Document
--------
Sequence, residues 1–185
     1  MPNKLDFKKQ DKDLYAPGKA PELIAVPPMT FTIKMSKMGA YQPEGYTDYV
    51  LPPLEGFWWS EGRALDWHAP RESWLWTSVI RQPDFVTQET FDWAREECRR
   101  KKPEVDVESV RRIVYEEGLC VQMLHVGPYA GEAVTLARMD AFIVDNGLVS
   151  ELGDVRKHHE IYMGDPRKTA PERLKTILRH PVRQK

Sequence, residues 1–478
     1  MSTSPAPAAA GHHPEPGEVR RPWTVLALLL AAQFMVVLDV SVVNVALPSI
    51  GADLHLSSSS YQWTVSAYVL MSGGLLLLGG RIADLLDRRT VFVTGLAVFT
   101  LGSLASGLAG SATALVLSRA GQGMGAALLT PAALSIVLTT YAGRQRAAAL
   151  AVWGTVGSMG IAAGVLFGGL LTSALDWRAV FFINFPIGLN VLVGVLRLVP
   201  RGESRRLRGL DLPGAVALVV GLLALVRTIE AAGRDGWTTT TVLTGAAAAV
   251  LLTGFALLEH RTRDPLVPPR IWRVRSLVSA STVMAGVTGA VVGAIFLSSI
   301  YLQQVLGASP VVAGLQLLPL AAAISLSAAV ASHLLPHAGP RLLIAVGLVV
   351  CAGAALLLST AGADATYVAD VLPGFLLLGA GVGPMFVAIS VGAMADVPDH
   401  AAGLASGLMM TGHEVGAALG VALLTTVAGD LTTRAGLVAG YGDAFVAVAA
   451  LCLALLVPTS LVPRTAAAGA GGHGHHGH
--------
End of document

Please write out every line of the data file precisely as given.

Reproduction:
Sequence, residues 1–185
     1  MPNKLDFKKQ DKDLYAPGKA PELIAVPPMT FTIKMSKMGA YQPEGYTDYV
    51  LPPLEGFWWS EGRALDWHAP RESWLWTSVI RQPDFVTQET FDWAREECRR
   101  KKPEVDVESV RRIVYEEGLC VQMLHVGPYA GEAVTLARMD AFIVDNGLVS
   151  ELGDVRKHHE IYMGDPRKTA PERLKTILRH PVRQK

Sequence, residues 1–478
     1  MSTSPAPAAA GHHPEPGEVR RPWTVLALLL AAQFMVVLDV SVVNVALPSI
    51  GADLHLSSSS YQWTVSAYVL MSGGLLLLGG RIADLLDRRT VFVTGLAVFT
   101  LGSLASGLAG SATALVLSRA GQGMGAALLT PAALSIVLTT YAGRQRAAAL
   151  AVWGTVGSMG IAAGVLFGGL LTSALDWRAV FFINFPIGLN VLVGVLRLVP
   201  RGESRRLRGL DLPGAVALVV GLLALVRTIE AAGRDGWTTT TVLTGAAAAV
   251  LLTGFALLEH RTRDPLVPPR IWRVRSLVSA STVMAGVTGA VVGAIFLSSI
   301  YLQQVLGASP VVAGLQLLPL AAAISLSAAV ASHLLPHAGP RLLIAVGLVV
   351  CAGAALLLST AGADATYVAD VLPGFLLLGA GVGPMFVAIS VGAMADVPDH
   401  AAGLASGLMM TGHEVGAALG VALLTTVAGD LTTRAGLVAG YGDAFVAVAA
   451  LCLALLVPTS LVPRTAAAGA GGHGHHGH